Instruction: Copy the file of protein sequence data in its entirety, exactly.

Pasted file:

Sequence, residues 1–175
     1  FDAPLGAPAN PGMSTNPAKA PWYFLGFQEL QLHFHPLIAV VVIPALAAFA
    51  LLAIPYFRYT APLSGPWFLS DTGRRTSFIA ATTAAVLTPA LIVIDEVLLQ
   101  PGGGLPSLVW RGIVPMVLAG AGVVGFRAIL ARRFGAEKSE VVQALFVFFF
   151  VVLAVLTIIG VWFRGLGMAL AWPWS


Sequence, residues 1–175
     1  FDAPLGAPAN PGMSTNPAKA PWYFLGFQEL QLHFHPLIAV VVIPALAAFA
    51  LLAIPYFRYT APLSGPWFLS DTGRRTSFIA ATTAAVLTPA LIVIDEVLLQ
   101  PGGGLPSLVW RGIVPMVLAG AGVVGFRAIL ARRFGAEKSE VVQALFVFFF
   151  VVLAVLTIIG VWFRGLGMAL AWPWS